My absolute favorite down there is Long Key state park if you can book a site. Long Key is not far from Jolly Roger.
(Jolly Roger is great if you can't get into Long Key and/or you want full services - amenities like a full hookups, pool, laundry facility, cable TV.)
Every site at Long Key faces the tidal flats so you are right on the Atlantic and can watch birds come and go - very peaceful. Check site length, some are just for tent campers. The state parks have rest rooms with showers, sites with water, electric, picnic table and a fire ring...no sewer but a dump station to use on the way out.
There is an RV park called Boyds near Key West but no parks in walking distance of town...will be tough parking a rental RV the size of an A or C in town on the street. There is some municipal parking but if I recall correctly, it is a covered garage with height limitations. Boyd's could give suggestions.
You might consider renting a car at Marathon's airport for a few days for forays to KW and dive trips.
Long Key SP. Curry Hammock SP, Penekamp SP, Pine KEY RV Park. Jolly Roger SP. There is (or was a KOA) near Pine Key. Jolly Roger is a good one at Marathon as it is 25 miles from key west and you can go both ways in the keys as use as a home base. Put Noname Key as a toursist stop and have some great pizza, see the key deer to.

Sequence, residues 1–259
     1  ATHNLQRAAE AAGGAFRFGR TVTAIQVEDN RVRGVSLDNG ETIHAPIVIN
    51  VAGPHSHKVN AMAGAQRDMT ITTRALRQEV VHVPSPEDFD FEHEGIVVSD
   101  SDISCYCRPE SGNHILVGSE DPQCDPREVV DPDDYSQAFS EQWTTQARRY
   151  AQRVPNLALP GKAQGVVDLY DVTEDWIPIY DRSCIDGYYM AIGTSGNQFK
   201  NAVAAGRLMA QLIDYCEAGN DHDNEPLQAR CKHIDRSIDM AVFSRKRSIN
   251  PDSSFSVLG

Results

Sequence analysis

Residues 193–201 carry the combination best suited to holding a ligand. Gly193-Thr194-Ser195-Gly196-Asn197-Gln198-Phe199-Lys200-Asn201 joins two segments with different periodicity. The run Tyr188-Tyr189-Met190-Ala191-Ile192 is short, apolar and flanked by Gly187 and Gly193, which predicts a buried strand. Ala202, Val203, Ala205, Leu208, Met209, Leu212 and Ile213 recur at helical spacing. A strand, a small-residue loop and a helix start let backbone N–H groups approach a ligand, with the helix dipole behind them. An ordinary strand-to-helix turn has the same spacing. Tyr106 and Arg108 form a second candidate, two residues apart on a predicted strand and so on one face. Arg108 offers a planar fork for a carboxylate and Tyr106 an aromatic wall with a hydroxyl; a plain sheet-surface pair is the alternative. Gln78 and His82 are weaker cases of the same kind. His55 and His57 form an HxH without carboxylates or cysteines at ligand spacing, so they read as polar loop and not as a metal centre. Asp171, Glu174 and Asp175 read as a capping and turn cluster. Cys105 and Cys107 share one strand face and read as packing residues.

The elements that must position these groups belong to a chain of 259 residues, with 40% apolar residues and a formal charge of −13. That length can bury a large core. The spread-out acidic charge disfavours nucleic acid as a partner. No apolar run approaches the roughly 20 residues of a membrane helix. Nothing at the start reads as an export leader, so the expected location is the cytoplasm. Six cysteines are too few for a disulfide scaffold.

A correction -Jolly Roger is a privately owned RV park, not a state park, and it is 57 miles from Key West. A nice, budget-friendly place, though more expensive than a state park.
Bahia Honda State Park is the closest SP to Key West.
All Keys state parks fill early and cost about $40 a night. Very popular for good reason.
November may still be do-able unless you are talking about Thanksgiving week, which is no doubt a busier time.
Enjoy! We go there every winter.
My previously mentioned mother-in-law died at age 100 from C. Diff. She had been hospitalized due to a leg wound and then moved to a rehab nursing facility where we believe she contracted it. Obviously at her age, already a bit weakened, she lacked the resources physically to fight it. She was a great lady, otherwise fit and very sharp.
That was 2.5 years ago, and ever since, we've read a lot of promising new treatments being developed. Good news, I'd say.
The hospital took her diagnosis very seriously. She was isolated, and all of us, medical staff and family, had to suit up in fresh plastic garb every time we entered her room and wash our hands before leaving and discarding the garb.
So much attention and money spent lately on Ebola is almost ironic when this exits in this country.
Wishing you good care and fast healing.
I think it was on this forum that I saw a post this summer where the producers of the annual RV show (airs on January 1, IIRC) were looking for people who were willing to appear on camera and planning to attend the Hershey show in order to buy a new RV. It didn't mention compensation.